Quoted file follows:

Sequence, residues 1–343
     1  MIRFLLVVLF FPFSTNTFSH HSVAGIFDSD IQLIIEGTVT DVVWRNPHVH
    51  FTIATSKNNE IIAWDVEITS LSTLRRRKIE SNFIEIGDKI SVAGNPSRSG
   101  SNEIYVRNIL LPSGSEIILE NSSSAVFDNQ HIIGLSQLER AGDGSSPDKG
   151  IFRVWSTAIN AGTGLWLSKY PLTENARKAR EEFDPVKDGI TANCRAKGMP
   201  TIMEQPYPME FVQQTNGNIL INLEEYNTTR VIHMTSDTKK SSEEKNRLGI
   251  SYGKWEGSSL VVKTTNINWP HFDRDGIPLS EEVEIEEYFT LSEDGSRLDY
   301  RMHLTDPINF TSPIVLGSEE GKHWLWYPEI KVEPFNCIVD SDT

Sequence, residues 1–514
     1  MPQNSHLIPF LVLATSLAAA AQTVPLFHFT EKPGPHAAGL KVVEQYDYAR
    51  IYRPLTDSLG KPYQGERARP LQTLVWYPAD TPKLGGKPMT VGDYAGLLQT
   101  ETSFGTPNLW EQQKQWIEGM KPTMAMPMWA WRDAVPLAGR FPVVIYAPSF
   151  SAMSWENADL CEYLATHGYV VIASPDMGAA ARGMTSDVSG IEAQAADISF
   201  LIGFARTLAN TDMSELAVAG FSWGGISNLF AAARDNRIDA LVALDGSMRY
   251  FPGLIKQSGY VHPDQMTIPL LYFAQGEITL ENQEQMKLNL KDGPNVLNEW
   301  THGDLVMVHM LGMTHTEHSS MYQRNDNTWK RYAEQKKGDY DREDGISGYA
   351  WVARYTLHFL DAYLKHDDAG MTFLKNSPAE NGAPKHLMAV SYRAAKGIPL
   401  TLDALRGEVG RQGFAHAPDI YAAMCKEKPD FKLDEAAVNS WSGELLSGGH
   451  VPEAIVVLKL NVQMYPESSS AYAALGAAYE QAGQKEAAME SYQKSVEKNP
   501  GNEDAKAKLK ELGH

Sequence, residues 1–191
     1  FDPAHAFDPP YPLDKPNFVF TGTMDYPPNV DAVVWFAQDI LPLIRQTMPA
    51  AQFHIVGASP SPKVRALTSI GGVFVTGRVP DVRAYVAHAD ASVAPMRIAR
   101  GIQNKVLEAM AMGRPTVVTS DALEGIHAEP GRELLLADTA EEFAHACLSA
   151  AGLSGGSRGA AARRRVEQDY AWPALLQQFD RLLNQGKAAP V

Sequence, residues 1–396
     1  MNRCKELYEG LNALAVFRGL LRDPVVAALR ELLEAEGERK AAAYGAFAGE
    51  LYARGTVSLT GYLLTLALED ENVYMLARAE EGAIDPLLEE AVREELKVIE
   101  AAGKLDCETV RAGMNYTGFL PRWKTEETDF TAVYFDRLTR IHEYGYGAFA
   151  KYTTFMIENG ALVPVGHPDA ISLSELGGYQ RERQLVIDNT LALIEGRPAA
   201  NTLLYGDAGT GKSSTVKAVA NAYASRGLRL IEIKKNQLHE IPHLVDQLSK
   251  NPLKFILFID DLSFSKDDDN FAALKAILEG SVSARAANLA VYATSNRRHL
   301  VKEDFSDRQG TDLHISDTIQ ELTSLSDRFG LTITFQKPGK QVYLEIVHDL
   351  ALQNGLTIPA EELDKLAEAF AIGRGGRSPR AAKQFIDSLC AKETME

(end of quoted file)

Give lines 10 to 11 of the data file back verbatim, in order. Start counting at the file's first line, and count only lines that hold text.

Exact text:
     1  MPQNSHLIPF LVLATSLAAA AQTVPLFHFT EKPGPHAAGL KVVEQYDYAR
    51  IYRPLTDSLG KPYQGERARP LQTLVWYPAD TPKLGGKPMT VGDYAGLLQT